Changing the world was a part of it for a lot of people, but acting like the money isn’t the driver is just being obtuse. We can’t pretend that changing the world is the sole reason people become billionaires.
6. Because you want to be the boss …
This is actually a reason that I disagree with. Completely. I think it’s the wrong reason, and here’s why.
Because as soon as you start working for yourself you actually wind up with just another boss who is worse than any other you’ve ever had because they won’t let up and they won’t give you space and you can’t leave the office to get away from them.
If you were every treated – by anyone else – the way you will treat yourself as your own boss, you would have quit.
But. I can’t deny that a lot of people did bring up this reason as a pretty big driver for them.
And I won’t pretend that there aren’t positive parts of being your own boss. It’s just a lot harder than it sounds.
7. Because you want to leave your mark
We all want to go down in history, right? For many of the people I’ve spoken to, entrepreneurship is the way to do that. They want to change the world in the same way that Huffington, Bezos, Jobs or any other titan has. That’s so powerful.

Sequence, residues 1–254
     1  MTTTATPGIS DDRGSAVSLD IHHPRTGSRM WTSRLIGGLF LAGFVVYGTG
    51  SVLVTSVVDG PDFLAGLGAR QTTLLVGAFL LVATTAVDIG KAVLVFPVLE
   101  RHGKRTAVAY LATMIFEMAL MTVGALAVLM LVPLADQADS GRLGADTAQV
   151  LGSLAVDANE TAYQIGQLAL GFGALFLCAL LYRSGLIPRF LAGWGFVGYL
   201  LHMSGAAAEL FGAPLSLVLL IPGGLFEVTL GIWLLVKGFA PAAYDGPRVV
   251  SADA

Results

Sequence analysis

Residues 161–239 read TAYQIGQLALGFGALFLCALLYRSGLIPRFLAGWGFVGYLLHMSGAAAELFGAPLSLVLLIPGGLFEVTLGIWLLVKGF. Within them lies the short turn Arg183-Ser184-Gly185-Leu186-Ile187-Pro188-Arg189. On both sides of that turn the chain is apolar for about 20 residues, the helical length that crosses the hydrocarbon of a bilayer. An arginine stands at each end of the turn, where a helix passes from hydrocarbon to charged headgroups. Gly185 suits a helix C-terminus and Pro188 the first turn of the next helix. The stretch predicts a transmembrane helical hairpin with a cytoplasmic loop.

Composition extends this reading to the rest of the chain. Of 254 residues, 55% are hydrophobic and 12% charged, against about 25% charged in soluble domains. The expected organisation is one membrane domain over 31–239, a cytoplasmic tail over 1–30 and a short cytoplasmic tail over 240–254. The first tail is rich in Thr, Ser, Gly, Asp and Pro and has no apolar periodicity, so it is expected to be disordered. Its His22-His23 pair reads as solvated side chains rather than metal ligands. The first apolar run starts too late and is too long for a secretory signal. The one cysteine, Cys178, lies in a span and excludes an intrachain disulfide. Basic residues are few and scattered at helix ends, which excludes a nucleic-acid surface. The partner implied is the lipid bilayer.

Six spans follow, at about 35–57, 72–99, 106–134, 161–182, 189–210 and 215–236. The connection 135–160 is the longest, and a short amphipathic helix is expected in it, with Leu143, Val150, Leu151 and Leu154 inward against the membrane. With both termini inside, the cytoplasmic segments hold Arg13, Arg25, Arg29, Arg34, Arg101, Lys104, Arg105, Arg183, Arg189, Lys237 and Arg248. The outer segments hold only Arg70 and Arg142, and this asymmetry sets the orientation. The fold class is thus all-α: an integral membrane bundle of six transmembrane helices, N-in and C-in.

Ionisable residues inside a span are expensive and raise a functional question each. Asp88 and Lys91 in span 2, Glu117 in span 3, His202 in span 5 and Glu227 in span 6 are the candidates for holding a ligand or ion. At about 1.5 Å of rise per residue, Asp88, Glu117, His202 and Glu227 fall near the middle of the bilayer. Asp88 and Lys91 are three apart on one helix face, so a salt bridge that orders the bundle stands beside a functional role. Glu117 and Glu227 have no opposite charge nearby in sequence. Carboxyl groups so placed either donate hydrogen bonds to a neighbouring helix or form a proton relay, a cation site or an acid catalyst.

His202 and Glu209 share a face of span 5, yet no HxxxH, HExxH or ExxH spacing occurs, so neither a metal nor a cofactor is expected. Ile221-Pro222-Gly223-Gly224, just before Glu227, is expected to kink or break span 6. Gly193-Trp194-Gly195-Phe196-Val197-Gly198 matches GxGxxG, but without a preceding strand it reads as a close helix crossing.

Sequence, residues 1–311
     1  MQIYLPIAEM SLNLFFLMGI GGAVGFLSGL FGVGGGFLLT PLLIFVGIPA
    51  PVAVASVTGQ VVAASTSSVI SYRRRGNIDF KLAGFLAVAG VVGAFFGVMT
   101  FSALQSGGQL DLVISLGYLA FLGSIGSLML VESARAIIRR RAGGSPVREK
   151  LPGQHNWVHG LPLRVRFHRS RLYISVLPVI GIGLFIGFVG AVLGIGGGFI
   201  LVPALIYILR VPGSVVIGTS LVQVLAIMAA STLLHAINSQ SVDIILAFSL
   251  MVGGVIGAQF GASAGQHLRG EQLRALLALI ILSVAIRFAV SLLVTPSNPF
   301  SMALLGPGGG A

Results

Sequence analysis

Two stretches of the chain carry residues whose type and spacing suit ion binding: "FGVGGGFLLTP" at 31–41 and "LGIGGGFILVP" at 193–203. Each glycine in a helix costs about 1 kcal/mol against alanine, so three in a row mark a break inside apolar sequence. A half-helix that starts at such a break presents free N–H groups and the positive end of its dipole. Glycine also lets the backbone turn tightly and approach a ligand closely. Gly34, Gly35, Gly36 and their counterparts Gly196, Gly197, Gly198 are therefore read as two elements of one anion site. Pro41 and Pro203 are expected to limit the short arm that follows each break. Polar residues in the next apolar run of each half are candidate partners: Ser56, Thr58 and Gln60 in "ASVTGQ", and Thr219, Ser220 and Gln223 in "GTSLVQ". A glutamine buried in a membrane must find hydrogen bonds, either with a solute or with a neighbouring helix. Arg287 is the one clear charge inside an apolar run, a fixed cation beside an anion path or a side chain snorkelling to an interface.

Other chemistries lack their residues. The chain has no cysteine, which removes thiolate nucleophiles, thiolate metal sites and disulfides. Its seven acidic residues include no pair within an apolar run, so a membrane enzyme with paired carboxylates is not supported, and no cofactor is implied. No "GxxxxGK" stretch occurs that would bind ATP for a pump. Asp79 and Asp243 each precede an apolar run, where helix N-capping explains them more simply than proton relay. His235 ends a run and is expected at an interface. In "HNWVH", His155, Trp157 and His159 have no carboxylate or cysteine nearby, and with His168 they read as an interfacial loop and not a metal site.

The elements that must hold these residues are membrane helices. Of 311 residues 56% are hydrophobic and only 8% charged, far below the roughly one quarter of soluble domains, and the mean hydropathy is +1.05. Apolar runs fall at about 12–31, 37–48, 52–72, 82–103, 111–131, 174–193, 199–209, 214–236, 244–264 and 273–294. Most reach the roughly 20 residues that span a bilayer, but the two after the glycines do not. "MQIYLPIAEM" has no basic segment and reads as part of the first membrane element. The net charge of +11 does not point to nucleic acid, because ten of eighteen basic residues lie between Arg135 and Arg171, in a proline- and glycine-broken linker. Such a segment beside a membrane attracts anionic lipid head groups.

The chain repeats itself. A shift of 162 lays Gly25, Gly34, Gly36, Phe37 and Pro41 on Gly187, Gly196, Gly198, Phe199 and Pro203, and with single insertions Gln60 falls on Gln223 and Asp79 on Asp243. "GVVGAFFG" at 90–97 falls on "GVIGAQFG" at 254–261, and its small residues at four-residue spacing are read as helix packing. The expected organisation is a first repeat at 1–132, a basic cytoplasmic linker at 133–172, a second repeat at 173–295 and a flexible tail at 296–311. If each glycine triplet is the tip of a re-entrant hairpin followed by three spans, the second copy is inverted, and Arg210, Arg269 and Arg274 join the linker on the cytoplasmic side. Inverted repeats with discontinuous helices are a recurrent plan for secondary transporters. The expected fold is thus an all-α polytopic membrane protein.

I stand by my position that money is always, always a factor. But I think it works best when it’s a factor that has a relationship with an urge to change the world. I think you need that mission sometimes because there are always easier ways to make less money than being an entrepreneur that will look a lot more appealing from time to time.
8. Personal pride and accomplishment
There’s nothing like building something to feel proud of who you are and what you can achieve. I’ve done a lot of corporate work, a lot of agency work, a lot of crap for big companies, and I can tell you that I didn’t feel like I was accomplishing anything, because I couldn’t point to anything that I’d built. That’s why I never want to work for another big company like Apple or Google — I need to personally feel like I built something.
Starting your own business is a way to reach that level of personal pride and accomplishment, and it’s a factor that pushed many entrepreneurs I know to become higher achievers.
9. Frustration with traditional career paths
When I got my first full-time job — after my first company had already closed down — I put on a beautiful suit and I walked into an office and I realised I hated everything about everything I was doing. I swore that I wouldn’t follow a traditional career path right in that moment. The traditional path isn’t designed for who we are today. The traditional path wants you to be loyal to companies who no longer feel any loyalty to their employees, then climb a ladder where the final goal is retirement. Nope.
I — and many of the people I spoke with — want to exist outside of that career path because we recognise that it would not fulfil us and it would not make us happy in the long term.
10. The urge to find and set new challenges
Stagnation is the enemy of happiness.
Avoiding stagnation can be as easy as constantly searching for and setting new challenges that are going to push you to expand your mind, expand your skills and drive a little too close to the edge. Quitting a normal job and starting a business is a sure-fire way to do all of that.